I have admired Sandra Leichner's quilt Tea with Miss D and when I saw her book I wanted to get hold of it. At first I was a bit dissapointed. I think her editors took out a lot of vital information from the book. (She said no; they want the emphasis on the embroidery.) For instance she list thick table cloth type of plastic in her supplies- but do not explain how to use it. Then I found her blog. On her blog she describe many things in detail- even the make of the fabrics she is using, the needle she prefer and background fabrics. This was what I was looking for. I also realize how I could enhance and individualize my applique blocks.

I have only completed the first block. The flower at the bottom was my first attempt with her method and it does not look so good. I might remove and replace it later.

Some of the leaves also did not turn out so nice. The reason is the fullness of the seam allowance underneath and the difficulty to distribute the seam allowance evenly. With Sandra's help (I studied her blog till 2009) I have learned to use pins and section the seam. The first leaves was not so successful but I am getting better as I move along.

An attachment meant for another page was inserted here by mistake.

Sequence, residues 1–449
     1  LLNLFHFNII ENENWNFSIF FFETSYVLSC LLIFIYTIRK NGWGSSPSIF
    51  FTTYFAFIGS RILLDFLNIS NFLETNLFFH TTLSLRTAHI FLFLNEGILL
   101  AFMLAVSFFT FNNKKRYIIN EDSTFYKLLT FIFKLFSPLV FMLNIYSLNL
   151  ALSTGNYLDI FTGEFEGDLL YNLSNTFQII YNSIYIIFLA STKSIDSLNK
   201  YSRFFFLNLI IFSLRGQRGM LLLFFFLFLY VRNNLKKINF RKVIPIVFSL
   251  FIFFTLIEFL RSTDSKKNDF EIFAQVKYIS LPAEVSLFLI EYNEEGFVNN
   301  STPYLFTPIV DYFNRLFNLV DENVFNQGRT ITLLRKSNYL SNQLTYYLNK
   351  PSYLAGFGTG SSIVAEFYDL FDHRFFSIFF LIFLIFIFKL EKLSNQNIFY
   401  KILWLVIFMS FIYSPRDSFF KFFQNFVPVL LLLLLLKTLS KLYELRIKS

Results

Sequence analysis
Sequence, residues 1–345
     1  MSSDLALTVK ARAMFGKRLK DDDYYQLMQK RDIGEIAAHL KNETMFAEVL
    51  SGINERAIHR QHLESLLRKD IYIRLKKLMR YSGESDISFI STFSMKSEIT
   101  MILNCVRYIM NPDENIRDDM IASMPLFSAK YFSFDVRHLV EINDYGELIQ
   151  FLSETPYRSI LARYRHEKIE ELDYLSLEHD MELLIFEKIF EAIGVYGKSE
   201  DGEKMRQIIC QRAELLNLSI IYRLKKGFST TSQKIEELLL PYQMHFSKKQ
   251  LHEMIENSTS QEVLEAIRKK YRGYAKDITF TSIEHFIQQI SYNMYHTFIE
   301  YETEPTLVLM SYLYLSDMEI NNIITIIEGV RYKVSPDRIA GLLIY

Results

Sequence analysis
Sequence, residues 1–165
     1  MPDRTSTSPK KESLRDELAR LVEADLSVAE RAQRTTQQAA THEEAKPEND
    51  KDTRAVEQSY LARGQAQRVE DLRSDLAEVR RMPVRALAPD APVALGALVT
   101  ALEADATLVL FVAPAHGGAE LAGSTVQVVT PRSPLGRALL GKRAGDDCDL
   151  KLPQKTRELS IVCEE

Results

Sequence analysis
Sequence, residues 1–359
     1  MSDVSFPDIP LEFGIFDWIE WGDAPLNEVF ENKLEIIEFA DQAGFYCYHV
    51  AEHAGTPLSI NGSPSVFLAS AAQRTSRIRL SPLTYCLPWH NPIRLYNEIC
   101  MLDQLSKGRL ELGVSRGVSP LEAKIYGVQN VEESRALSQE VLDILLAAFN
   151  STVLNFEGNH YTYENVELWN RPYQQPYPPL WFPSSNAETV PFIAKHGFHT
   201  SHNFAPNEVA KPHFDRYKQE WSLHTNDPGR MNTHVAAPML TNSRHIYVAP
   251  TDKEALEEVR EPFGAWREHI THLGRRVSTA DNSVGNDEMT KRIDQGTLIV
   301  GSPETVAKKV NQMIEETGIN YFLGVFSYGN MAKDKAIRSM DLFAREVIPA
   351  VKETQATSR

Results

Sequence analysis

My center block still need some flowers. They have individual petals and I could not stand "preparing" them with starch over the template. I am working on block 2 now but will go back to the center block when I have completed this block as well. I think it will give me the practice I will need to get the dimpled petals right.

Two of the most useful tips I also read in Sandra's book. The one is to cut the seam allowance of the seam already worked away to make space for the seam allowance at the tip of a leave. The other good advice I got from her, but also from Jane Townswick is to cut petals and leaves (and any applique shape you can) so that most of the edges are on the bias. It is much easier to get a bias edge to behave than a straight or crosswise grain edge.